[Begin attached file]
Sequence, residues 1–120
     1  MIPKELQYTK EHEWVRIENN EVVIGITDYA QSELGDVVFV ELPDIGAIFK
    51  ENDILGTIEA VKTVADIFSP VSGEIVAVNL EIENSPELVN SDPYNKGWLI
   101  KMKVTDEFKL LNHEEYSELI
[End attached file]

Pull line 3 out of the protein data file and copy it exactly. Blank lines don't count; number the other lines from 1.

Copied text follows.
    51  ENDILGTIEA VKTVADIFSP VSGEIVAVNL EIENSPELVN SDPYNKGWLI